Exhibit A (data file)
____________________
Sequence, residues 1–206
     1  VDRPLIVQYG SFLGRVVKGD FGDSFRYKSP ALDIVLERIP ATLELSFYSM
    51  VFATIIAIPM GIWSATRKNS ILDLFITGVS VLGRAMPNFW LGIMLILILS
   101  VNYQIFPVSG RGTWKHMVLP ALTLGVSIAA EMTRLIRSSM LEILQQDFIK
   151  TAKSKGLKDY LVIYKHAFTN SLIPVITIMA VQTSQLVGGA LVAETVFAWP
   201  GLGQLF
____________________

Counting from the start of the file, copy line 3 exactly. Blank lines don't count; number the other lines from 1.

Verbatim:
    51  VFATIIAIPM GIWSATRKNS ILDLFITGVS VLGRAMPNFW LGIMLILILS